Many of us, even though we work in a creative industry, haven’t been trained to speak the “language” of creatives. We struggle with communicating goals, with describing what we want the piece to “look,” “feel,” and “sound” like. We give either give too much advice or fail to relay any, which can lead to disappointing or surprising results for the client.
During my decade in business, I’ve learned that it’s extremely important for our team to understand how to balance the ideas generated by a creative team of gifted artists and composers with the demands communicated by our client clients to ultimately ensure that the end result is spot-on target and that everyone is happy with the outcome.
In that spirit, I’d like to offer some tips for brand managers, ad agency execs, and other marketing specialists as to how they might be more effective when communicating with their creative teams:
5 Tips for Communicating With the Creative Team
1) Appreciate Your Team’s Skills
Remember that the creative people you’ve hired are experts in their field, so give them room to breathe. It’s important for you to cultivate relationships with the various artists who are involved with your new campaign — this will improve the quality and efficiency of everyone’s work.
Once a strong relationship is established, you can begin to speak the same language and be better united in working toward the same goal.
2) Direct the Process While Leaving Room for Creativity
Inspire your creative team as you would any artist. Involve them in the process.
Managing creative talents can be delicate work, and of course, you must constantly balance the fine line between artistic freedom and corporate deadlines. You must also grow to recognize what kinds of projects need a firmer managerial hand and which projects can be given a bit more slack space to imagine. When there are very specific parameters required for your latest campaign, you need to make sure your creative team has a good understanding of what is — and what is not — allowed before they even get started.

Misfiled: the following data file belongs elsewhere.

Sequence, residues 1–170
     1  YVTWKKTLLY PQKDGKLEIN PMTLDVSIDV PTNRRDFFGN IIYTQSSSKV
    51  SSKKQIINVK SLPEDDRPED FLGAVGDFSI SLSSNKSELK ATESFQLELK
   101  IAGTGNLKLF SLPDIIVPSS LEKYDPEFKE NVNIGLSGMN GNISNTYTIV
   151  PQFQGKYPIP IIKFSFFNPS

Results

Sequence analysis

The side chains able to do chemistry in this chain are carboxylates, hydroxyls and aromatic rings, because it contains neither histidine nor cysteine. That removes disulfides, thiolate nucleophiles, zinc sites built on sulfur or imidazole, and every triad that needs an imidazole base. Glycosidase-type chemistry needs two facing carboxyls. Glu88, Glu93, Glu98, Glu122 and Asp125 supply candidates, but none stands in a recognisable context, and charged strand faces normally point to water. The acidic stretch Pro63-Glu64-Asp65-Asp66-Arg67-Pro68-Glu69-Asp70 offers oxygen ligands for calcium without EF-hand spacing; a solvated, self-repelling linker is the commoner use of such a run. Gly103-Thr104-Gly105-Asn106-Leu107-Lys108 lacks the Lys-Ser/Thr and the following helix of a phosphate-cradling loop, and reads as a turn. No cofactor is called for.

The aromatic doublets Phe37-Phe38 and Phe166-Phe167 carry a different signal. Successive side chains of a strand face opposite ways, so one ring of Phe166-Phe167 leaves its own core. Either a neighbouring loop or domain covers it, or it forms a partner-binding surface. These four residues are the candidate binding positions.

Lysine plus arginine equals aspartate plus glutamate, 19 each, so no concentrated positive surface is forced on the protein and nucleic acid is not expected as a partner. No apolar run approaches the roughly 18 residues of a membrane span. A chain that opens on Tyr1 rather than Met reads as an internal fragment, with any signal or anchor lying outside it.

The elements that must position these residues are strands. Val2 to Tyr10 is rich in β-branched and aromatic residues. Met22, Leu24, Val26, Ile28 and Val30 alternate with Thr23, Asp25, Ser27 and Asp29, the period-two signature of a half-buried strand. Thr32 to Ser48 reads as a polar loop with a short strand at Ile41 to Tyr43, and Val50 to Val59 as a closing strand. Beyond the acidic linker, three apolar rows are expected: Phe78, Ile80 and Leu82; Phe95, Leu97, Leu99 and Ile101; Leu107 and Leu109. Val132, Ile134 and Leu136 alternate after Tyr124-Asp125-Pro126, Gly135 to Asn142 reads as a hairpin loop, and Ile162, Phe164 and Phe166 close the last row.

3) Manage Deadlines With an Understanding of the Process
Be sure to stress to your creative team that certain deadlines are non-negotiable — be very clear and direct with your creatives, and cut them off if and when necessary.
With any kind of art, the most important thing at the end of the day is knowing when you’re done. Your creative team is making something brand new — something that’s never existed before — for a client who has goals to meet. This needs to come into play, not only with the time it takes and deadlines, but with every part of the creative process. For example, the musicians and composers we use for a client’s advertising campaigns need to understand how their work fits into the overall campaign and goals of the client.
4) Speak in Emotions
Whether the theme behind your new project is dramatic, celebratory, triumphant, inspiring, scary, funny, quirky, or thrilling, the more specific emotional direction your creative team receives from you, the better. Creatives are storytellers. They need to know: What’s the story here? What’s the emotional outcome you are seeking for your audience to take away from this new piece of work?
With any new advertising campaign, the promotional goal is important, but even more so is the sentiment the client wants to ultimately convey to the target audience. You need to let your artists know what emotions they need to convey for each of your projects. Should the overall feeling be tense, ominous? Should it ebb and flow? Or should it be driving? Uplifting and inspiring? Should it tug at the viewer’s heartstrings?
5) Think About the Best Ways to Convey Your Intended Goals
People who are creative usually do their best to protect their ideas and their individual techniques. If a client comes in and demands that her new project simply “must” be done her way, the creative team is likely to become defensive.
A client or account manager should give a good deal of advance thought to the best ways by which to convey the intended goals of the new project. Give the creative team insight into the strategy behind the campaign, and clearly outline the due dates of specific work on the calendar. Approach your creative team with gentle suggestions, be open-minded to their input and new ideas, yet remain clear and firm about what the end results need to be. A good creative knows how to balance pure creativity with deadlines and strategic messaging. Embrace your creative team so your relationship with them never becomes an us-versus-them arrangement.